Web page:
Trahison des Clercs
Notions, Patterns and AntiPatterns of Scholarshipveryard projects > knowledge management > trahison des clercs
|standards and betrayal||background||on this page||links|
|The French term trahison des
clercs refers to the betrayal of intellectual standards
The material on this page is part of a more general project to identify negative patterns in various domains.
|Having served many times on programme committees, reviewing
papers submitted to conferences and journal special issues, I have started
to recognize some common patterns of poor scholarship.
In some cases, these patterns reflect deliberate abuses of the system, perpetrated by academics under pressure to publish widely and prematurely. In other cases, they reflect sheer ignorance or laziness on the part of the academic or his/her supervisor. In both cases, I believe, it is the duty of the reviewer or editor to detect such patterns and prevent their propagation.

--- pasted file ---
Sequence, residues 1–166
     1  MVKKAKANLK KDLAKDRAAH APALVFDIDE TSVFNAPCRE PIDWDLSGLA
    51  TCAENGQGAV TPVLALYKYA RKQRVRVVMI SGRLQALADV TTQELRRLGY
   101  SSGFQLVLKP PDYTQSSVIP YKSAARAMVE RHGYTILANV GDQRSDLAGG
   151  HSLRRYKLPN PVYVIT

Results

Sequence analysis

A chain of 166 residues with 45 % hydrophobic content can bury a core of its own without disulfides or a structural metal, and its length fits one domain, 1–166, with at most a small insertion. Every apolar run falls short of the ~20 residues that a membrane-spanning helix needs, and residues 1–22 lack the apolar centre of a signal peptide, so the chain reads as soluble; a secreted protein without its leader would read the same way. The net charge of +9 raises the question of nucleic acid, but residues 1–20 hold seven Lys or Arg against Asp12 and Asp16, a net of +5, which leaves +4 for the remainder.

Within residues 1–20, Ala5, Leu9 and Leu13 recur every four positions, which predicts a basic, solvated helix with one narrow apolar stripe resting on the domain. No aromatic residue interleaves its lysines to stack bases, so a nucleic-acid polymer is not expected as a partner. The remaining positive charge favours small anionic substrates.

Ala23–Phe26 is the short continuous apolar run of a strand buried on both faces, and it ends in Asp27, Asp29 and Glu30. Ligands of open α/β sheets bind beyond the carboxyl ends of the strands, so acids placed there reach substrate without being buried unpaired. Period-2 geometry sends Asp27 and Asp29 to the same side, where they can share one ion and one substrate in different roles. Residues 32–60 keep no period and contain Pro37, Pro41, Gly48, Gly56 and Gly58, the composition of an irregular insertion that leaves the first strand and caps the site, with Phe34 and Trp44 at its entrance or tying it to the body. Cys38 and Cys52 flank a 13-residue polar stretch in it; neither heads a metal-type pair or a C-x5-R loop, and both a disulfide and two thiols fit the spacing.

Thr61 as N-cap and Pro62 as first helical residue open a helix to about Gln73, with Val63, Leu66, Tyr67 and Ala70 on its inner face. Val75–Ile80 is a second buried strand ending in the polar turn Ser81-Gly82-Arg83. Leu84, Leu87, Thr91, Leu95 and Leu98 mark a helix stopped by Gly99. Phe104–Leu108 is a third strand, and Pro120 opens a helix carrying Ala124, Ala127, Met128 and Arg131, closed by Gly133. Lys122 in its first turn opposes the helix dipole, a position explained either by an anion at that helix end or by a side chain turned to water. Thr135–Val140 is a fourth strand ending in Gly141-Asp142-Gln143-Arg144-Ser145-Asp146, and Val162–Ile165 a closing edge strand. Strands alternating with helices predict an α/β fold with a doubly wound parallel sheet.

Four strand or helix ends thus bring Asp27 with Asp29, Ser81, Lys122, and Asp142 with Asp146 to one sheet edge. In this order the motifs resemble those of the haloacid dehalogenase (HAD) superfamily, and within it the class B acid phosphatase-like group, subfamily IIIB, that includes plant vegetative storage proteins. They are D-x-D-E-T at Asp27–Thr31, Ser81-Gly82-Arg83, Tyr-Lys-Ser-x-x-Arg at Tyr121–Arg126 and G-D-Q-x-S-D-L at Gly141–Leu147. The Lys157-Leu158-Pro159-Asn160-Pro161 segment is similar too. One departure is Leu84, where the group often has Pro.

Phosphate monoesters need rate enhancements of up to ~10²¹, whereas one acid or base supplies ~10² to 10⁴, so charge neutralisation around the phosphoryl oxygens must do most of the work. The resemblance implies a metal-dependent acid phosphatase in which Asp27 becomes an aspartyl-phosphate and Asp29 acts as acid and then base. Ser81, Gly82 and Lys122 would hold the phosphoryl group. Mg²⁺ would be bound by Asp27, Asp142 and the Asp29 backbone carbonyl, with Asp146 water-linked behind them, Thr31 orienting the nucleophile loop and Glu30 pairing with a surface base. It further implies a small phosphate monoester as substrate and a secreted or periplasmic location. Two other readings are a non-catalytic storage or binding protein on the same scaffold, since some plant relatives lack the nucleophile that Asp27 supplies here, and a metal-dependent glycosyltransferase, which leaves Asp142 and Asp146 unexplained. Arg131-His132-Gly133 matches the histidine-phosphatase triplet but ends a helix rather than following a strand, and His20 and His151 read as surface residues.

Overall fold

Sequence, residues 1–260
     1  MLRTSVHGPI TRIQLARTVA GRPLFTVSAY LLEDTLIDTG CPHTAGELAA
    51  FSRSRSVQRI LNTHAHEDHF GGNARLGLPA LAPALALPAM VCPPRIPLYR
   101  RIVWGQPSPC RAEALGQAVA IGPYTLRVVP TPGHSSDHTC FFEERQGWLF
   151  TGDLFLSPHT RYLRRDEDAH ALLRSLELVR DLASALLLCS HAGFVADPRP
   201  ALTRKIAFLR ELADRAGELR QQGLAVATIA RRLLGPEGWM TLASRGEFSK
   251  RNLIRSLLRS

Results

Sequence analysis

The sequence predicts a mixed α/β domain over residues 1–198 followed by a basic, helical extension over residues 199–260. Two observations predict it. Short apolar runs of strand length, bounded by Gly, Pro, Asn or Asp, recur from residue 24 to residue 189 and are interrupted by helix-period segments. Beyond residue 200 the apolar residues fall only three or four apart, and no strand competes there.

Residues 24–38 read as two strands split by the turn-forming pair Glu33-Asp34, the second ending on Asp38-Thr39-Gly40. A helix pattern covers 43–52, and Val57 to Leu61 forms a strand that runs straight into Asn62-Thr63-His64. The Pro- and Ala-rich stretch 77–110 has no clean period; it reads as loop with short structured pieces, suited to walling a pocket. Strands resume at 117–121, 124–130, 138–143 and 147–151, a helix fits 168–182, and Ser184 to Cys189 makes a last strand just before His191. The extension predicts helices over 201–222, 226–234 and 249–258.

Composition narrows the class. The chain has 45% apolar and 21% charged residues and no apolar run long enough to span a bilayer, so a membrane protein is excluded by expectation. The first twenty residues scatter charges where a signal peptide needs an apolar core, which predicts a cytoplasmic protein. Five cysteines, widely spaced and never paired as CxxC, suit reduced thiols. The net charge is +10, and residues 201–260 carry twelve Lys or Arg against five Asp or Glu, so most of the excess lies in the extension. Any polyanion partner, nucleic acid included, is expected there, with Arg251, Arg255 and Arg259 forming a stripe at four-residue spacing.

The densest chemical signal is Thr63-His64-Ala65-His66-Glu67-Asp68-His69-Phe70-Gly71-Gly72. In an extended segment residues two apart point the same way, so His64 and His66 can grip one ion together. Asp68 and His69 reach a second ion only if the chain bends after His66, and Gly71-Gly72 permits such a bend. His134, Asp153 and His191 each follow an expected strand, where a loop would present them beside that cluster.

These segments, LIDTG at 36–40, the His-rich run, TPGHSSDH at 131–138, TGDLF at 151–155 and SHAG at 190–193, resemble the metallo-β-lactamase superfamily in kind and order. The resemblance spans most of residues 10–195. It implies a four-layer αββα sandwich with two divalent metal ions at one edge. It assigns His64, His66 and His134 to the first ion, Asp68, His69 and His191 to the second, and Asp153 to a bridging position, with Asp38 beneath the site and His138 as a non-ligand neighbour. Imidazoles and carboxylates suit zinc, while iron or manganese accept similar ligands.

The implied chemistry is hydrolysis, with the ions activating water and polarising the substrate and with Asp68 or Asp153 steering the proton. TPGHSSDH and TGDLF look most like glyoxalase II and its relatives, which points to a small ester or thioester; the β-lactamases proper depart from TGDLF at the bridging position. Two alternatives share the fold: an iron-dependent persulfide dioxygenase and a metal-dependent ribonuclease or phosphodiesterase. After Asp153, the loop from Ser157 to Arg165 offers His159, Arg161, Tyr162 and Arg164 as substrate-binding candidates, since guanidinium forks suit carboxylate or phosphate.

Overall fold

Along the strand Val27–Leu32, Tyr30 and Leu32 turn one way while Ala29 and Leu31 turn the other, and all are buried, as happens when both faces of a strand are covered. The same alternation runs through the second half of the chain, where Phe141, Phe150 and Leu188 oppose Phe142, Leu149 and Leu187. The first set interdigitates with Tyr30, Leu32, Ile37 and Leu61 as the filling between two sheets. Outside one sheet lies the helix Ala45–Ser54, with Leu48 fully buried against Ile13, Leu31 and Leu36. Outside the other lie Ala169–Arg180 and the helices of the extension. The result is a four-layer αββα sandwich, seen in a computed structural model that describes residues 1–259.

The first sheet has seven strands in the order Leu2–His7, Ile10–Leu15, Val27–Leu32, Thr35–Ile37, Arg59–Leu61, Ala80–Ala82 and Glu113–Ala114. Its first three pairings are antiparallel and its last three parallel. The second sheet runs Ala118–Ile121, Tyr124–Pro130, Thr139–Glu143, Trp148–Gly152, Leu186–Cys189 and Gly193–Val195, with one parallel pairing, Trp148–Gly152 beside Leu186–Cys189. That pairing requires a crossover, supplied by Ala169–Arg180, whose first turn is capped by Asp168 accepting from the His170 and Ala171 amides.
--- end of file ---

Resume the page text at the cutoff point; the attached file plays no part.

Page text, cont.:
Comments please Do you recognize any of these patterns? Can you add to the list?
|scholarship notions||Design pitfalls as negative
Trahison des Clercs - Notions of Scholarshipveryard projects > knowledge management > trahison des clercs > notions
"The scholar expends his entire strength in affirmation and denial,
in criticizing what has already been thought - he himself no
longer thinks." [Nietzsche, Ecce Homo]
Trahison des Clercs - AntiPatterns of Researchveryard projects > knowledge management > trahison des clercs > research patterns
Sadly, there is sometimes little incentive for researchers to over-achieve on these minimal objectives. Any additional ideas or findings that appear original or interesting can be hoarded for the next funding application.